With that cleared up, it seems that most chose a 175 smk or 178 amax with varget. For the most part, I agree with everything you said. I do kind of disagree with your light-whippy barrel statement though. Yes, itll heat up faster and its not as solid, but its cold bore shot when hunting, not shoot a couple rounds, then start firing and hope for the best. So the heating up factor is irrelevent. The light barrel opening up groups at long range I don't really understand. I can't disagree on that because I have no expierence in that aspect, but it seems that if you are shooting match grade groups at 100, 200, 300 yards, then why would a light barrel mean that you can't shoot a 1000? Remember though, I don't mean hunting at 1000, just target practice and messing around. And to all, thanks for the suggestions!

back40
January 24, 2014, 08:54 PM
.223 on whitetail at 550? how many have you shot at that range? how are you measuring the range? i find this interesting because it pretty much flies in the face of what most experienced hunters deem ethical for the cartridge.

a light whippy barrel is more about accuracy nodes than heating up. cold bore or not, just because you can hold a .25 moa group at 100 in no way means that the rifle will hold a .25 moa group at 1000.

TexasPatriot.308
January 24, 2014, 09:35 PM
I am an old grunt....qualified with an M14 and shot 500 yards with irons....nowadays, can still take out hogs and coyotes with iron sights at 300 yards plus with my Springfieldd Armory M1A ......have no intention of scoping it. the .308 can be extended to twice that yardage with the bolt action and even an M1A with good optics.

Steel Horse Rider
January 24, 2014, 09:50 PM
I shoot out to 600 yards, none of it scientific, just a 20" x 30" piece of 1/4" steel plate hanging from a frame and painted orange. I can hit it with iron sights with a Mosin, my K-31, my 6mm Remington, 7.7 Jap, 6.5 Jap, 6.5 Swede, M1, M1A, 1903A3, and most of the other .30 caliber rifles I have. It seems to me that long range shooting is a matter of simple physics but the variables of bullet shape, rotational speed, and mass will also come into play. I do not compete in any shooting competitions, I just get a kick out of seeing a 300 yard or 600 yard gong ring and swing when I hit it. As long as I can hit a head sized target at 300 yards I sleep comfortably.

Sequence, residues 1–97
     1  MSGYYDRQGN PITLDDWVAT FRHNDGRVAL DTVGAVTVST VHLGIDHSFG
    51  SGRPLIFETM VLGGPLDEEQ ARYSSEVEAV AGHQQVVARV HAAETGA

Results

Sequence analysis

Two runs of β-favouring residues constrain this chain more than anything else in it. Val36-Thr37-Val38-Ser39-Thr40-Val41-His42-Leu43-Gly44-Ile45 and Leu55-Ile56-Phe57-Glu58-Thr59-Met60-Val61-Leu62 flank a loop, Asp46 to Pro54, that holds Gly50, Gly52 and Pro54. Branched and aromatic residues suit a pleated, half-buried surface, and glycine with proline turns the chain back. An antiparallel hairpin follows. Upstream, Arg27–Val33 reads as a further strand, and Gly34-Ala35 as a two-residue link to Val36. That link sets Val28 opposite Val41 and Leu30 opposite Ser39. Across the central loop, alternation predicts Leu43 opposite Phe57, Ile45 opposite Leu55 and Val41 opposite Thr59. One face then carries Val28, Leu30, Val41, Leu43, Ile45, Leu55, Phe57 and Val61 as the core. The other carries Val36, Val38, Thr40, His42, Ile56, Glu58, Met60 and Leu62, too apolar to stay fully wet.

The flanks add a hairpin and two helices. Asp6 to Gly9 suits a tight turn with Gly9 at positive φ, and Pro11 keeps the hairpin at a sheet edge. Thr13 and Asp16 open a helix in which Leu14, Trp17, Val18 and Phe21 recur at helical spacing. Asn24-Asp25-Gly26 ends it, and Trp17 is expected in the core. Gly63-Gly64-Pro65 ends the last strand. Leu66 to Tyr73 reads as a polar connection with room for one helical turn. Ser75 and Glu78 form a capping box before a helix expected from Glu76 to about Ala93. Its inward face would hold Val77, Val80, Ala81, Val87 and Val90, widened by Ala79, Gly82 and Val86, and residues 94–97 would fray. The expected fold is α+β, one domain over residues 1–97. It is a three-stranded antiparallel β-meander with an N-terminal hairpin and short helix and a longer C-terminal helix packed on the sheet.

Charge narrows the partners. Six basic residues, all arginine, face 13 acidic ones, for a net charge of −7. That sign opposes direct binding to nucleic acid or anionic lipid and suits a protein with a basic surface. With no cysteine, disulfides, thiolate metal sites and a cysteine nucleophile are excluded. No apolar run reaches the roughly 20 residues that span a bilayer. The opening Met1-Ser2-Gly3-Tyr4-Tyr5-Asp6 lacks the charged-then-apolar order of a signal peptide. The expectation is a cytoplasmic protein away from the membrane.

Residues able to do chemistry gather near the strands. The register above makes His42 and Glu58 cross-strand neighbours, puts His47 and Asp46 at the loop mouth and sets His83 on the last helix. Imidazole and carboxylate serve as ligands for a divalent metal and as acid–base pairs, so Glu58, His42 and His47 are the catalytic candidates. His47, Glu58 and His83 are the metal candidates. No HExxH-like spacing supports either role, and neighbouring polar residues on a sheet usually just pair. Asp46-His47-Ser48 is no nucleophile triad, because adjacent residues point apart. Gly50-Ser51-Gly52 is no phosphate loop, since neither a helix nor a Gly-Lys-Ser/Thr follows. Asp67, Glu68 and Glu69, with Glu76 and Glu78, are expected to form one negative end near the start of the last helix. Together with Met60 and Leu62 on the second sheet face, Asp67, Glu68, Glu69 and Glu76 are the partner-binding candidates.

XSV55
January 24, 2014, 10:55 PM
You don't have to have an expensive custom rifle to do yourself proud at long distances. Although many factors will have a bearing on accuracy, the shooter himself and proper practice is the key. Food for thought, crimping your rounds is critical to ammo accuracy. Crimping requires the burning gas pressure to build until sufficient to force the bullet out of the case. Consistent crimping will lead to consistent bullet speed and gas pressure when leaving the barrel for optimum accuracy. Not crimping allows the bullet to leave the case at random speeds due to varying fit in the case neck (slight, but meaningful at long distances). I didn't see mention of crimping it so I thought I'd mention as it's critical to accuracy at distance.

splithoof
January 24, 2014, 11:06 PM
My "long range" rifle is an AI in 300Win Mag. I also use a 40X in .308 with a 22" R-5 barrel. As stated above, stick powders rule, and 175 grain bullets in .308 do much better than any 168, in my experience. My club has a 1K range where I have tested this.
As for deer hunting IMO an individual who takes long range shots of the sort does not have much hunting experience, no matter what is written on various internet boards, gun/hunting rags, or other camp-fire bravado. I have had great success hunting big game over the past thirty-three years, and nearly all my shots are within 225 yards. Most are closer to 100. To me the skill in hunting is not only marksmanship, but more the stalk and field craft necessary to get into a position for that shot. On that note, I have seen too many hunters attempt shots from long range, mostly missing, but sometimes wounding the animal. Very few are successful, very few.

B!ngo
January 24, 2014, 11:24 PM
I'm also pretty surprised about the distances being discussed in pursuit of a white tail. I have no reason to believe but that you're an excellent target rifleman but in none of those attempts is there a risk of hurting or maiming an animal that most agree should be put down only humanely and thus only when the probability of an excellent shot overwhelms any risk of something worse.
I'd suggest that at 550 yards with a .308 (or even a more powerful cartridge) in all but the best hands raises the likelihood of such risk higher than what would seem prudent.
You (the OP) know your skills best but, as you undoubtedly know, shooting targets from a pre-planned position at the range or in a repeatable position is a far cry from the complexity that a hunter faces while there is a concomitant level of the impact of a missed shot.
B

.223 on whitetail at 550? how many have you shot at that range? how are you measuring the range? i find this interesting because it pretty much flies in the face of what most experienced hunters deem ethical for the cartridge.

a light whippy barrel is more about accuracy nodes than heating up. cold bore or not, just because you can hold a .25 moa group at 100 in no way means that the rifle will hold a .25 moa group at 1000.

LRShooting
January 24, 2014, 11:32 PM
.223 on whitetail at 550? how many have you shot at that range? how are you measuring the range? i find this interesting because it pretty much flies in the face of what most experienced hunters deem ethical for the cartridge.